Margaret Sanger: Mother of Birth Control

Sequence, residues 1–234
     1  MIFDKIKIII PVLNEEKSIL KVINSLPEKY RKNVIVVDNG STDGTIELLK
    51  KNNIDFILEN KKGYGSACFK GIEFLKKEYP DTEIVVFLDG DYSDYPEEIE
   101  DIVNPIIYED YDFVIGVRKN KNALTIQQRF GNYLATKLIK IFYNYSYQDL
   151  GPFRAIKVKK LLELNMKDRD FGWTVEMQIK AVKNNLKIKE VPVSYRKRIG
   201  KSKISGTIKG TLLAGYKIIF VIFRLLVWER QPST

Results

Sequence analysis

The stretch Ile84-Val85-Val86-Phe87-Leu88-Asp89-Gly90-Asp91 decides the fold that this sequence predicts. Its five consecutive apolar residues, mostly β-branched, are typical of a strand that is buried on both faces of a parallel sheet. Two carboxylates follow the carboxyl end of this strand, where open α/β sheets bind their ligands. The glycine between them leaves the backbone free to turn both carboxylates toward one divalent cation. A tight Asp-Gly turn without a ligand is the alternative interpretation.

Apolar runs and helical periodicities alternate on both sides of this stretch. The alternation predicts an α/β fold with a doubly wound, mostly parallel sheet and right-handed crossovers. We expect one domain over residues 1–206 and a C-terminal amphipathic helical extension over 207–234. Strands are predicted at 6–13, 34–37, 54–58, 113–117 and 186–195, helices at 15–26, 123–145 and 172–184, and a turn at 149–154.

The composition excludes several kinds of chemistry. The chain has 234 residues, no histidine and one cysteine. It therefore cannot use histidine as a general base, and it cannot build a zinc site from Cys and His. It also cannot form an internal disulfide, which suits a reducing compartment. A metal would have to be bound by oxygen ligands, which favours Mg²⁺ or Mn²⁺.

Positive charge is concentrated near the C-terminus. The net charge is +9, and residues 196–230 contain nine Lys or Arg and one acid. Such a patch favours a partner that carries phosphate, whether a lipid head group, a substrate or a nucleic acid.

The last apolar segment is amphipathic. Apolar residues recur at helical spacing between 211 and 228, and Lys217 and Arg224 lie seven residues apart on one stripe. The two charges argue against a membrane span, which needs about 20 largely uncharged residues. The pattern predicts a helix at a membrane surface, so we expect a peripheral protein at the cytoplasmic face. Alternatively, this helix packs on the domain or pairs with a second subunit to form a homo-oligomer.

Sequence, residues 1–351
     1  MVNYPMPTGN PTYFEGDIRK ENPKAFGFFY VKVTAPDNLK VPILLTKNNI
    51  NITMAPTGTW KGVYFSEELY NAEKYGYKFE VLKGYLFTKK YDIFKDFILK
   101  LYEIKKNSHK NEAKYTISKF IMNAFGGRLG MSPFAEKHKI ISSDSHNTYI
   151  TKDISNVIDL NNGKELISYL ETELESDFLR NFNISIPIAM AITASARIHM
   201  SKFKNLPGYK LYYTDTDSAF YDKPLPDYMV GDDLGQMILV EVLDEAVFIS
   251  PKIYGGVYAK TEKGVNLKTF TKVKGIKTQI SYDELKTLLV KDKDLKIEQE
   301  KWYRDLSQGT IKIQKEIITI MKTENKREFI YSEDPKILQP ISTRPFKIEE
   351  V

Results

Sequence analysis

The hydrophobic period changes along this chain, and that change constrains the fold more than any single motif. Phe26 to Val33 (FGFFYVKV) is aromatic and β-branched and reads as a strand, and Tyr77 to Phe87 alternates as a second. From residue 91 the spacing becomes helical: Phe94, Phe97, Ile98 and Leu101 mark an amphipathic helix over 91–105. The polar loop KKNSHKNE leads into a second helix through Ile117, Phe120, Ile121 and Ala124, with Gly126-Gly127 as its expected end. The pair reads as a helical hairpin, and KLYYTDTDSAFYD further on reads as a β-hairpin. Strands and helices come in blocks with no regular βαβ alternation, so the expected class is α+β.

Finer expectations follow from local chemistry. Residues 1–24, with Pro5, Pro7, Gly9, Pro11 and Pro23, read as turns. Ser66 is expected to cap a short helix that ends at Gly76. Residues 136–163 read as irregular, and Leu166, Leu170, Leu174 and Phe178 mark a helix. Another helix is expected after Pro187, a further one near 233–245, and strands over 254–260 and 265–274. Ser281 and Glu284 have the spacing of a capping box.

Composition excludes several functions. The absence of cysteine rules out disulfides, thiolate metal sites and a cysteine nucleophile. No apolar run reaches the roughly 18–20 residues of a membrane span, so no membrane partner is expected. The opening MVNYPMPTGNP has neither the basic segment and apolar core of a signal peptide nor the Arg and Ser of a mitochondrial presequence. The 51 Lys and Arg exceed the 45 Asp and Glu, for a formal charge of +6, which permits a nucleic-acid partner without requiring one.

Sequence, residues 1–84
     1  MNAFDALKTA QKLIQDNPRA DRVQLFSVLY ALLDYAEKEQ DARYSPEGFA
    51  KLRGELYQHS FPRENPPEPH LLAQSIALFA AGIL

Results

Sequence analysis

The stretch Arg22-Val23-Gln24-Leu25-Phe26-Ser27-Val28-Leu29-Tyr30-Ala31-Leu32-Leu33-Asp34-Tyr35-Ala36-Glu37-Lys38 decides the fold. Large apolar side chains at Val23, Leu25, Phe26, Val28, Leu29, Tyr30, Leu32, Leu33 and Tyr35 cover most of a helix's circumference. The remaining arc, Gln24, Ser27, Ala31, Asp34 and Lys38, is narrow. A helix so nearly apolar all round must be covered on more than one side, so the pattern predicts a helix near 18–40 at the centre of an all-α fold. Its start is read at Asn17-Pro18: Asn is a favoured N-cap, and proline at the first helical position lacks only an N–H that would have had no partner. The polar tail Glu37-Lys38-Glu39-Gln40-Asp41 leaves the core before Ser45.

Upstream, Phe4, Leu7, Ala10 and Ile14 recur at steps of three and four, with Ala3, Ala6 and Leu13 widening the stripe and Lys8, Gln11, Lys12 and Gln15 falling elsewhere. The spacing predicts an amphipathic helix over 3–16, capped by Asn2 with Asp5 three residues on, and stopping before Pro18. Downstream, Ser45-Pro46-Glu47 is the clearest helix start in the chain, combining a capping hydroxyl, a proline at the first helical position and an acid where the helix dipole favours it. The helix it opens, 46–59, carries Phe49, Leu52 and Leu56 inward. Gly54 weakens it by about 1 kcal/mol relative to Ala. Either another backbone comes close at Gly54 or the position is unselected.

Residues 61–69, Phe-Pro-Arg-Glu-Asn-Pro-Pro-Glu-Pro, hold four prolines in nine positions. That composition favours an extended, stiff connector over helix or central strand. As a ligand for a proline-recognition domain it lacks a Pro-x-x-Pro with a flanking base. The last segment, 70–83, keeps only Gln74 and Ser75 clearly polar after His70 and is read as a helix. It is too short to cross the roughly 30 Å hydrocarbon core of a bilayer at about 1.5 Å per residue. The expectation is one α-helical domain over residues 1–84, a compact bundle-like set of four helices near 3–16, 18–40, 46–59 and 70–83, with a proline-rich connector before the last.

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Pregnancy prevention didn’t start with a pill. There were many different things that the people in the 1920’s did to prevent pregnancy and those methods were pretty terrifying. From self-induced abortions to women leaving their newborns besides garbage dumps. Most of these families affected by these methods were mainly people from the lower class. Since it was mainly from lower class, there were very high death rates. Margaret Sanger met a woman who later died of a self-induced abortion. That experience led her to open a clinic providing birth control for low income women, something that was unheard of back then. Margaret Sanger is a rebel due to her contribution to the birth control movement, being a social activist and her challenging the laws of contraception. The Birth Control Movement began when Margaret Sanger worked as a nurse at a factory that consisted of immigrant women. Throughout her time there, many of these women shared out stories about going through self-induced abortions, miscarriages and frequent childbirth. Due to the constant women undergoing self-induced abortion and hurting themselves in the process, Sanger decided to make the need for better contraceptives a priority. “The woman of the upper middle class have all available knowledge and implements to prevent conception” (Sanger, “No Gods, No Masters”). [DS1] Women who didn’t know, women that were not allowed to know, about contraceptives were low paid women. In 1912, Margaret Sanger was called in to nurse a patient that performed a self-induced abortion, which caused her to nearly die from blood poisoning. During the 1900’s, any information about contraceptives was illegal, which will be talked about later on in the essay. Due to that law, doctors often told their patients that abstinence was the way to go when it comes to pregnancy prevention. This was the case for Sadie Sachs, the woman that Sanger was called in for to nurse. Sachs eventually passed away after performing a second self-induced abortion. This would then spark into Margaret Sanger’s Birth Control Movement. Sanger’s belief on abortion was negative. She didn’t like the idea of abortion. She believed that a family should not undergo abortion because “abortions were otherwise immoral.” (Mundt, 2017) Margaret Sanger tried her best trying to care for those who suffered from self-induced abortions. In fact, her mother died due to frequent childbirth (at least that’s what Sanger believes). Sanger started the Birth Control Movement due to many women suffering from the lack of contraceptives, especially those in the lower class. In addition to the Birth Control Movement, Margaret Sanger was a social activist. She participated in two labor protests- the Lawrence textile strike (1912) and the Paterson Silk strike (1913). The Lawrence textile strike began in Lawrence Massachusetts, January 1, 1912. There were many people, specifically immigrant women, that made protests about their pay being cut down. A few people were injured due to the amount of police or as Sanger put it “soldiers with guns bayonetted” (Sanger, “The Fangs of the Monster”) because a lot of people protested. The strike lasted for around two months with it being successful. There was high pay and longer work hours. The Paterson silk strike was similar to the Lawrence textile